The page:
This post contains affiliate links where we may earn commissions from Amazon, REI, and other retailers at no additional cost to you. You can learn more about our affiliate policy here.
Beautifully designed solar backpack, perfect for day hikes, beach outings, and everyday use.
When we’re out in nature, we normally want to disconnect from technology and enjoy what the outdoors offer. It’s also wise, however, to keep your smartphone and other devices with you charged at all times for emergencies.
That’s where solar backpacks shine, a way to charge your small devices when you need them most. There are many companies that develop solar backpacks, and Sunnybag is one of them. They were gracious enough to send us their Explorer+ solar backpack for field testing. We took the backpack to Big Sur with us over the weekend, and here are our thoughts.
What is the SunnyBag Explorer+?
The Sunnybag Explorer+ solar backpack is perfect for those who need to power their devices on the go. It includes an integrated USB charge port that allows you to indirectly charge a battery pack or directly charge your small electronic devices.
At first glance, we were pleased with the backpack’s design; the 600 D fabric felt durable yet lightweight.
The shoulder straps and backing are padded and were very comfortable during our hikes. A canal along the middle of the backing provides breathability and reduces sweat build-up.
If you’re on a multi-day hike, this backpack won’t be the right choice for your needs. One reason why is because it doesn’t have a waist strap to help the load for longer hikes.
For short day hikes, however, this backpack fits the bill.
With a 15-liter volume size, it’s the perfect size to lug around all you need for a day hike. For example, two sleeve compartments can fit a 15″ laptop and a tablet inside the backpack. There are also smaller compartments to hold your pens and other EDC gear.
On the outside, there are two side compartments for your water bottles, A top compartment for sunglasses, and other things you need quick access to.
There’s also a side compartment where you can store your device while charging during your hike.
It has room for your beach towel, sunscreen, snacks, and water bottle for beach use.
Here’s where I think this backpack shines. Inside each backpack comes with a test certificate that tests the performance of the solar panel before it’s approved to be released for sale. With the rugged 6-watt solar panel, you can fully charge your smartphone in about 2-3 hours, while other “larger” devices will take longer, as shown in the chart below:
The detachable solar panel was tucked inside when we first received it. You attach the solar panel on the outside with two side buckles and a velcro strap. Even with the solar panel attached on the outside, the overall backpack still looked like a normal backpack which we appreciate.
Having a detachable solar panel allows you to leave your device charging in direct sunlight anywhere you want without the need for the backpack itself.
We plugged our lightning cable into the charger control, and it immediately charged our iPhone while hiking. We were pleased to notice that it still held the charge even in less sunny spots. However, in shady areas, it does seem to lose its charge as expected.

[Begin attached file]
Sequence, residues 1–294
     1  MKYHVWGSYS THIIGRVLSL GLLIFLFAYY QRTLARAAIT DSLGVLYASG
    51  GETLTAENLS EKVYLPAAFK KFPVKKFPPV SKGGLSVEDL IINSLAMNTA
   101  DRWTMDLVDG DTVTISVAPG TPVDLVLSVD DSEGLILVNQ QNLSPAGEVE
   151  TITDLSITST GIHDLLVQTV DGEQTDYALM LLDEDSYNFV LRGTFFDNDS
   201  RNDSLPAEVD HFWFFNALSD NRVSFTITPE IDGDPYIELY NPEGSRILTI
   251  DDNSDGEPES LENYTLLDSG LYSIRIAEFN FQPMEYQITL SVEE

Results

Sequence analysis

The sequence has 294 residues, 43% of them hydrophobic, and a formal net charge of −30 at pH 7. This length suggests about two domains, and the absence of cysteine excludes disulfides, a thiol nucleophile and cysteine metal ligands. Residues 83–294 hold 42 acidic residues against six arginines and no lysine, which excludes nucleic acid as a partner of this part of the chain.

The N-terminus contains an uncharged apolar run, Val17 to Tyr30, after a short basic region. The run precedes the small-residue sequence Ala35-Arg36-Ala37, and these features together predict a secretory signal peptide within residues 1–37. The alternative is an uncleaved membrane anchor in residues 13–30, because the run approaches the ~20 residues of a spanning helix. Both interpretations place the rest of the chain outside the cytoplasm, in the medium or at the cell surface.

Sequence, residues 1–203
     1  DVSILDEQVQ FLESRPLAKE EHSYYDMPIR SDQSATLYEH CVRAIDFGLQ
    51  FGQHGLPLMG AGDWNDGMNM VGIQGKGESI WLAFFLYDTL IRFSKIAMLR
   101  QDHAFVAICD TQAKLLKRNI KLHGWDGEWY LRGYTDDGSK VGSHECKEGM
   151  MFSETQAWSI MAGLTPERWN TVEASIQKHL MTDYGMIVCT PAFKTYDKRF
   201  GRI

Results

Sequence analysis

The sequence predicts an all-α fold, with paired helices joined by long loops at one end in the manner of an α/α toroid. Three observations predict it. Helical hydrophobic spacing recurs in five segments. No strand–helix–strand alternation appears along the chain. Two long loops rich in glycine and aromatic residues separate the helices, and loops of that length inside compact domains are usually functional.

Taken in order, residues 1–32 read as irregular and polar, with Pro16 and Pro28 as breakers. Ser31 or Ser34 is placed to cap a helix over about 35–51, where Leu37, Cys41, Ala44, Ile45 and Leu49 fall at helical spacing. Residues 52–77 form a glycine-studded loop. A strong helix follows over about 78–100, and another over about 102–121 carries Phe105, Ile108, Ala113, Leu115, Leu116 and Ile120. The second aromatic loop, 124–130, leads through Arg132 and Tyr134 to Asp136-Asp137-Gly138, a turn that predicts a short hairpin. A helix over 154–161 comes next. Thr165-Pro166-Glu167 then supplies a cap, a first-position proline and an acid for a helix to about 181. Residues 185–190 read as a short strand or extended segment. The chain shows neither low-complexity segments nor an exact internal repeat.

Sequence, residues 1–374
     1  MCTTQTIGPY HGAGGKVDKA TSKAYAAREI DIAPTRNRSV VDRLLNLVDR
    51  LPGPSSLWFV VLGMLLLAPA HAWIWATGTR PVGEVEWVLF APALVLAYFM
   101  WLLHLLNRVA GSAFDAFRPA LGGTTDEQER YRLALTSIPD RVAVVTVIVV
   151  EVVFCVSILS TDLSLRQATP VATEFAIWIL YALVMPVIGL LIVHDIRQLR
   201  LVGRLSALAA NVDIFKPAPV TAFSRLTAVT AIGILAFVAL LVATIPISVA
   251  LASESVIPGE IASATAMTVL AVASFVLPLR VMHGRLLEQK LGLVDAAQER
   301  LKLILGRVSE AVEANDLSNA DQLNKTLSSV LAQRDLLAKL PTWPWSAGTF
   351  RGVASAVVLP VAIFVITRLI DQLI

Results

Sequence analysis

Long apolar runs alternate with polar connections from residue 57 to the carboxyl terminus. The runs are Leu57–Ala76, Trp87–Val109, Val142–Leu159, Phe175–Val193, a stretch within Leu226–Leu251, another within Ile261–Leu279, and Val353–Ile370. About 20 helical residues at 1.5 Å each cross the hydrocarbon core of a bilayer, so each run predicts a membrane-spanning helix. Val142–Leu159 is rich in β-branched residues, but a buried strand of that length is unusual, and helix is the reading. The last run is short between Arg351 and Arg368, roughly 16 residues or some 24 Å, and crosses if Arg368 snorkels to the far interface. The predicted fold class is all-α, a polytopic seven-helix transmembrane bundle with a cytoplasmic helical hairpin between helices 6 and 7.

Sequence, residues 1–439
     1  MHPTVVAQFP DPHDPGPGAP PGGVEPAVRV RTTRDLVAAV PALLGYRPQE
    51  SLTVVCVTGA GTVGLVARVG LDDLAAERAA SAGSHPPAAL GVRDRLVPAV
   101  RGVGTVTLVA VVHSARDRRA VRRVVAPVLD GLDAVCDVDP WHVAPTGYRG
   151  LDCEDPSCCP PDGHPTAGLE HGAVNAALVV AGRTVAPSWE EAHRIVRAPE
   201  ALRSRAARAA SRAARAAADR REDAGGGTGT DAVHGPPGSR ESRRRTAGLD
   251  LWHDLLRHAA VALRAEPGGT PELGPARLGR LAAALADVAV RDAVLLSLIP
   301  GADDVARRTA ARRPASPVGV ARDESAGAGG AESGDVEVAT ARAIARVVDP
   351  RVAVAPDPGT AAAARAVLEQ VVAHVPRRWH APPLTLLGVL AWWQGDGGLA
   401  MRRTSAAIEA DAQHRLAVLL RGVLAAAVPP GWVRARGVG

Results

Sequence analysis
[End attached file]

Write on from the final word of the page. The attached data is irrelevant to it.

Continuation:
We were also able to charge our Ipad and our DJI pocket gimbal without issue.
When it comes to solar backpacks, there are a few things that you should look for in order to make sure you are getting the best possible product. First and foremost, you want to make sure that the backpack is large enough to accommodate your needs. If you plan on using it primarily for hiking or camping, then you will need a larger bag than if you plan on using it for everyday errands.
Additionally, you want to make sure that the backpack has a variety of pockets and compartments so that you can keep all of your gear organized and easily accessible. And finally, you want to make sure that the backpack is comfortable to wear, even when fully loaded.
There are a few things to consider when choosing a solar backpack. First, you’ll need to decide how much power you need. If you just want to keep your phone charged, a small panel will suffice. But if you want to charge larger devices like laptops, you’ll need a bigger panel.
Second, you’ll need to choose the right size backpack for your needs. Solar backpacks come in a variety of sizes, so be sure to choose one that’s big enough to hold all your gear.
Finally, you’ll need to decide on a price range. Solar backpacks can range from relatively inexpensive to quite expensive, so it’s important to find one that fits your budget.
Overall, we were please with the performance of the SunnyBag Explorer+ backpack. Like most (if not all) solar charging devices, we don’t recommend this be your main source of charging your devices. However, if you’re in dire need of charging your smartphone, this will do the trick. As mentioned, it’s a great backpack for day use due to its size and lack of a waist strap.
The detachable solar panel is useful to hang on your car or tree in direct sunlight while you’re out exploring. Although we didn’t get their power bank to test, you can also indirectly charge one for night use. Check out SunnyBag’s line of backpacks, chargers, and battery pack here.